Chubarina, a dairy worker, does not question the war. She just re-read a poem her son sent her when he was a conscript in 2017, about growing up and abandoning her: “Forgive me for all the pain that fell on your weary shoulders. Please accept my soldier bow. It comes from the bottom of my heart.

Sergei Dustin of Baltiysk refuses to be silent. His daughter, Alexandra, married a Marine named Maksim and was widowed at age 19. He expressed his rage on Facebook, saying Russians needed to ask why their sons were dying.

He described the war as a “slaughter started by crazed old men who think they’re great geopoliticians and super strategists, incapable, in fact, of anything but destruction, threats to the world, puffy cheeks and lies. unending”.

Some responses called him a traitor. Her son-in-law had left in the winter for “training exercises” and ended up in Ukraine. An old friend from Ukraine was fighting on the other side. Dustin hoped neither of them died.

He refused to hear the details of the young man’s death and his daughter locked herself in grief. “It is very difficult for her to understand and recognize that her husband was involved in an operation which, to say the least, was far from pleasant,” he said. “This whole story brings grief and tragedy to everyone.”

Few bereaved families publicly question the war effort. The silence serves to minimize public understanding of its impact on the home front. In the eastern Siberian city of Ulan-Ude, a recent investigation by the independent news site Lyudi Baikala found few residents knew more than 250 people from the area had been killed, a tally of the site calculated using open sources.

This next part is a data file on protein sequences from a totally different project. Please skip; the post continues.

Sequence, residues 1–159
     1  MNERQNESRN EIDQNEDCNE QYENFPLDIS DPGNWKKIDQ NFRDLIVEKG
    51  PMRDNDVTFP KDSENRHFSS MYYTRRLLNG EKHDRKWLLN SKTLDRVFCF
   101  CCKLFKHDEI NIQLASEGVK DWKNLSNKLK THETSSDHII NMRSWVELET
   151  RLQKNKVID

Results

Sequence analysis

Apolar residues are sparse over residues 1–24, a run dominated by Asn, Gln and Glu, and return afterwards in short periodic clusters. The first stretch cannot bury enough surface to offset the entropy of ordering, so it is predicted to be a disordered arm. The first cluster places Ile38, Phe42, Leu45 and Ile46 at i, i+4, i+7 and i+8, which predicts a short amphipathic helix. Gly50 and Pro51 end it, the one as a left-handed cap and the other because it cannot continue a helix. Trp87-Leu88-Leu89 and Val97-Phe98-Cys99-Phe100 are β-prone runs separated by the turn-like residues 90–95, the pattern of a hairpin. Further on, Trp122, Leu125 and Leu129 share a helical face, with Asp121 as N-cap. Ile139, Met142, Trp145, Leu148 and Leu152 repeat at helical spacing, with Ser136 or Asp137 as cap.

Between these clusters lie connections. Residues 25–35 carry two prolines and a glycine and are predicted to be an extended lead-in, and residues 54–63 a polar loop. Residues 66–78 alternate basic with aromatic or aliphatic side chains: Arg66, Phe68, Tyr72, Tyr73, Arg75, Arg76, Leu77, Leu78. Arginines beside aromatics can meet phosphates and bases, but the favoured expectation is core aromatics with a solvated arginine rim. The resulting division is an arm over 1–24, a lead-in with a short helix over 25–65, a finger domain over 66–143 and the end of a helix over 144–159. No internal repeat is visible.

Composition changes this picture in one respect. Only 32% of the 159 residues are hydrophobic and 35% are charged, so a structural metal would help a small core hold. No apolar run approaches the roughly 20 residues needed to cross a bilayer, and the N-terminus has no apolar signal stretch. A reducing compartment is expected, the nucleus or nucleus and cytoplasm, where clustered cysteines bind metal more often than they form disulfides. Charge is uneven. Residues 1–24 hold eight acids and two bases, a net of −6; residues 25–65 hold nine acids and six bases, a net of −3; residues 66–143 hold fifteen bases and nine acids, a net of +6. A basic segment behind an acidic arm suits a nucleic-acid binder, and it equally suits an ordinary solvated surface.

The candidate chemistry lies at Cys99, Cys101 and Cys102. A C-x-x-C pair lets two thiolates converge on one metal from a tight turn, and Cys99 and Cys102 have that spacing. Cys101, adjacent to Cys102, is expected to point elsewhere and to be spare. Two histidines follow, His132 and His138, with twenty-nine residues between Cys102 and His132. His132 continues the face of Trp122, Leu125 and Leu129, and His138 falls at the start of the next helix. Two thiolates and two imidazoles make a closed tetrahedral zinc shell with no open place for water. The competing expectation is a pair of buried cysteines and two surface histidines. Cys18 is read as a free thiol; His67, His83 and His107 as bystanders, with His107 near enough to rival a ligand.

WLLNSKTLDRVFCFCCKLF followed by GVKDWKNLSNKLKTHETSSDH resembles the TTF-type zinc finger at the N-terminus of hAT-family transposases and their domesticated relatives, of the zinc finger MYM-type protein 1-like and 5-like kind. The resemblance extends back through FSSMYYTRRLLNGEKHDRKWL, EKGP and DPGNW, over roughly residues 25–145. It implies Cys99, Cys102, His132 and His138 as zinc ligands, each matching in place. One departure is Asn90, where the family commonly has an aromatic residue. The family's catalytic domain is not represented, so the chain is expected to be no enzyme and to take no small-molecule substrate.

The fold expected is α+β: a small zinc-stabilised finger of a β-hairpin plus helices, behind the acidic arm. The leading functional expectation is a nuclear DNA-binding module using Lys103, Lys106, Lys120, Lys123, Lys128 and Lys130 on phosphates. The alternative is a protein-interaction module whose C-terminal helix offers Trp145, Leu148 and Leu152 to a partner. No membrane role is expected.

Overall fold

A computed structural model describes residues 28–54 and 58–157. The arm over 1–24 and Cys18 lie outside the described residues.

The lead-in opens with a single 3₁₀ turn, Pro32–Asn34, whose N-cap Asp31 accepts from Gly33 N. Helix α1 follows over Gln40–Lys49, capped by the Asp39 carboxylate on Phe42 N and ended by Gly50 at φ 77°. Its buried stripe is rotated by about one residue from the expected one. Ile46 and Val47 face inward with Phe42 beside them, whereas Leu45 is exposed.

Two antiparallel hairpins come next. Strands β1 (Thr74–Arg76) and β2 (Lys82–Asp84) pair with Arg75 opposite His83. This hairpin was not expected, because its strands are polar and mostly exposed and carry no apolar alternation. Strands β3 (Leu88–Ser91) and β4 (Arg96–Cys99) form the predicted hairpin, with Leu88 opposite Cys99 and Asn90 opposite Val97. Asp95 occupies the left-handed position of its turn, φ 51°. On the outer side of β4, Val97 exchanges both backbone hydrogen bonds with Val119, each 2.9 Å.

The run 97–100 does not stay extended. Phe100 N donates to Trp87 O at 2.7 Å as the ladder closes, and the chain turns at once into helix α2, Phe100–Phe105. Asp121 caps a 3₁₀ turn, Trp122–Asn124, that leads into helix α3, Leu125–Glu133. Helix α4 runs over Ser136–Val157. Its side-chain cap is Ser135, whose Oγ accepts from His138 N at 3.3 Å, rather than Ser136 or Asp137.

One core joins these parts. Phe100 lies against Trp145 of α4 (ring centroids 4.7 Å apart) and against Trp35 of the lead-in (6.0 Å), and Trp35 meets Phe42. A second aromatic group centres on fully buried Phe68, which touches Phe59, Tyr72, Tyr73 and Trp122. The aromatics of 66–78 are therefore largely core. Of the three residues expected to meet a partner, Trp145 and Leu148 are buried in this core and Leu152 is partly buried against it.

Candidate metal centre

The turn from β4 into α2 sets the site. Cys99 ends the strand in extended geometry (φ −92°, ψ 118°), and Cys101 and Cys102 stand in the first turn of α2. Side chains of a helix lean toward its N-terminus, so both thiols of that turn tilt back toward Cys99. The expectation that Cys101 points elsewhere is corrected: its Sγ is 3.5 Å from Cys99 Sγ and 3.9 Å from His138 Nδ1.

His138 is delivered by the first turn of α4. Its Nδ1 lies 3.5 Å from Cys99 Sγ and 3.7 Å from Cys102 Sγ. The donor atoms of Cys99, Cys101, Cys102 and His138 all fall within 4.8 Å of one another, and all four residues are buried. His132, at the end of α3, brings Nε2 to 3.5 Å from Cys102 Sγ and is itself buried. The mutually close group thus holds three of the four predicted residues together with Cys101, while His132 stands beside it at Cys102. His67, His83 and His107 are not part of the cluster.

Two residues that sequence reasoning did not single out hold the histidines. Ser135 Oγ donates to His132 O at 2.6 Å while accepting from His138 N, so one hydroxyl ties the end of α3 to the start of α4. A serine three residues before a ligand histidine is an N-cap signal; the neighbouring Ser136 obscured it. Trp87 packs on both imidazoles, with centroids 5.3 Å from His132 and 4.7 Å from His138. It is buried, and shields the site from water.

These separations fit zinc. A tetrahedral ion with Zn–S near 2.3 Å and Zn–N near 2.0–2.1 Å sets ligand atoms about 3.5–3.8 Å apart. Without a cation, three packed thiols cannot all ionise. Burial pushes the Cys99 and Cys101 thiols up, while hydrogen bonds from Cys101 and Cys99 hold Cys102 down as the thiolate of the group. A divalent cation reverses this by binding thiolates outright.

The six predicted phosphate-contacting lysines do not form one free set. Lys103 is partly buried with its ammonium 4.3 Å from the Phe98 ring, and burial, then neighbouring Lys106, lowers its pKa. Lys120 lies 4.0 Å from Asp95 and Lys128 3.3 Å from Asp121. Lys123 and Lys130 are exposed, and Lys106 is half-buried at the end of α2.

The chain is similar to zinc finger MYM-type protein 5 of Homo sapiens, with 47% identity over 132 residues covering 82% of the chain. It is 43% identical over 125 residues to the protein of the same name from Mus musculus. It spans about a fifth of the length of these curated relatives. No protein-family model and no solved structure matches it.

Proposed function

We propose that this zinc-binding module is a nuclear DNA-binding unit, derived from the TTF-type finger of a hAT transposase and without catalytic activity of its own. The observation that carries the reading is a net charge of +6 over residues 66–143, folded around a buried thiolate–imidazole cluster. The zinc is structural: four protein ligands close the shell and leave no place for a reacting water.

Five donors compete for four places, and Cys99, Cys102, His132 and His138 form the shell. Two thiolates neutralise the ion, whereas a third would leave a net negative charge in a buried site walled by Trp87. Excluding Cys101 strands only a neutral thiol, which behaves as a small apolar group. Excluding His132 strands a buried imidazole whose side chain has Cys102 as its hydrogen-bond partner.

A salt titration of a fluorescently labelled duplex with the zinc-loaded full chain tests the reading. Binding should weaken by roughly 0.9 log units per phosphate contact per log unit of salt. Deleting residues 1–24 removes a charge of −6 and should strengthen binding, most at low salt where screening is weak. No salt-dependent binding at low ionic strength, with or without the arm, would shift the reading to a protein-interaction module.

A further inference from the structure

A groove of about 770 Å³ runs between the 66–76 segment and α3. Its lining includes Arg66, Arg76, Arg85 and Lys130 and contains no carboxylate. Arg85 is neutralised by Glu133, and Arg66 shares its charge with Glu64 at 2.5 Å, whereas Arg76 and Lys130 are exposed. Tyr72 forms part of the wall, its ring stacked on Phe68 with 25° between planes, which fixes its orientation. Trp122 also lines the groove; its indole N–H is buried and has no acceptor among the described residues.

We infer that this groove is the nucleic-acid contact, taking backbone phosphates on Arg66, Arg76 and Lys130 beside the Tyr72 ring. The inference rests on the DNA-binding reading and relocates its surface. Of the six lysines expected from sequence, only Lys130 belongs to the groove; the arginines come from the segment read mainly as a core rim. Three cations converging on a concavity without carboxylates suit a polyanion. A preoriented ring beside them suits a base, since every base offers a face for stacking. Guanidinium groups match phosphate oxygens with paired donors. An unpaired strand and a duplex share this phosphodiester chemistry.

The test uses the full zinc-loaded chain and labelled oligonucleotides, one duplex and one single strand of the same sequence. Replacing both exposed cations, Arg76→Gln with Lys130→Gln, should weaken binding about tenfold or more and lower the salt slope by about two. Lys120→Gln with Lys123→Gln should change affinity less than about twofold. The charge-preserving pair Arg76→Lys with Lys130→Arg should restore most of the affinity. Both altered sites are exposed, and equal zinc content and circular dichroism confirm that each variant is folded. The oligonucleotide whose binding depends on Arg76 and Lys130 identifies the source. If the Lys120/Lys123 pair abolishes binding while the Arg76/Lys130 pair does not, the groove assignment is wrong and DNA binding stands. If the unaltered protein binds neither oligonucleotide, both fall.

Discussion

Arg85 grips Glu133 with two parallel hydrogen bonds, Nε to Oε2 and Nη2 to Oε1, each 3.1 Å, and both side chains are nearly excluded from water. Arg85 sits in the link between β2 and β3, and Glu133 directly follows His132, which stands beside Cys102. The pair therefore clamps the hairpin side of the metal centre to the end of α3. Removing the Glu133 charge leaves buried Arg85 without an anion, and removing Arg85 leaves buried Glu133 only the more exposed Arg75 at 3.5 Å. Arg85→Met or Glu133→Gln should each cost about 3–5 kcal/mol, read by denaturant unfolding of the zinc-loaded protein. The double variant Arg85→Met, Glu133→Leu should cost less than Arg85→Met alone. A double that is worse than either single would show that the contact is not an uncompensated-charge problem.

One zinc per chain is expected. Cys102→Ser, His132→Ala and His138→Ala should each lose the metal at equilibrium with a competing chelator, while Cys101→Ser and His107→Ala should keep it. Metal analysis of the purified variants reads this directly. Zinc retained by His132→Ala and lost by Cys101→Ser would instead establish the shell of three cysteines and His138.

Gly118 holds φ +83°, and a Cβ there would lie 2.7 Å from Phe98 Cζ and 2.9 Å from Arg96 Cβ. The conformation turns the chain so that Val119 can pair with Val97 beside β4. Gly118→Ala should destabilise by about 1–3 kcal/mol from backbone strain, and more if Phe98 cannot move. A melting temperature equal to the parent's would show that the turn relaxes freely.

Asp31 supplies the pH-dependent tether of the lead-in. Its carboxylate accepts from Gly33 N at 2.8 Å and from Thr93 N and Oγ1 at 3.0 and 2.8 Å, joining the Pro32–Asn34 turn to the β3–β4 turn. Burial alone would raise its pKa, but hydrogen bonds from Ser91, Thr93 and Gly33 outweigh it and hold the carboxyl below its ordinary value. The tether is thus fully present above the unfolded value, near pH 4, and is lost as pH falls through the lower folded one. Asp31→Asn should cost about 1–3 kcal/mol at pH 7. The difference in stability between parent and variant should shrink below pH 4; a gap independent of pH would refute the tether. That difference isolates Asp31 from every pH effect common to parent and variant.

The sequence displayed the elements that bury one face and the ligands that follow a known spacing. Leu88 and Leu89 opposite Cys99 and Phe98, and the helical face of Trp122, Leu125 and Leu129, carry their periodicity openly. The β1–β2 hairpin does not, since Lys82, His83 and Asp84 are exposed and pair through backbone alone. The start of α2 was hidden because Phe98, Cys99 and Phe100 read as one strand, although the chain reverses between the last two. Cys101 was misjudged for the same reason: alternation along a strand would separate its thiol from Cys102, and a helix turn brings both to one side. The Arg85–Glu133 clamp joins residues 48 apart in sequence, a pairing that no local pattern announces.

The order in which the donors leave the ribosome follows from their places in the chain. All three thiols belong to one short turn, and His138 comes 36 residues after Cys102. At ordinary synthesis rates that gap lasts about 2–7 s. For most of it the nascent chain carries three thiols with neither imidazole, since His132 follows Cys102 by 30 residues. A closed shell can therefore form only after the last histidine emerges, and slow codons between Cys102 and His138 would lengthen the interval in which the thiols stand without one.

However, cracks appeared. In Buryatia, a group of Russian soldiers’ wives made a video in June demanding that the military bring their men home. Hundreds of soldiers from the region have contacted an activist group there for information on how to break their contracts, according to Alexandra Garmazhapova, founder of the Free Buryatia Foundation. Losses on a local memorial page on VKontakte are increasing every day.

On Monday, local basketball players Dmitry Lagunov and Nikolay Bagrov were confirmed dead. A woman named Raisa Dugarova responded on the page. “Why does Buryatia have to bury its sons every day?” she asked. “Why are we doing this?”

The next day there was another entry, on the death of Zolto Chimitov, a corporal in his thirties, born in the rural village of Tsakir. He became a boxing champion, later training to become a forester. He had three children.

“Oh God, please stop this war. How many of our guys can die?” a woman named Yevgenia Yakovleva wrote. “My soul is torn with pain. I don’t know how to accept this, survive and live with it.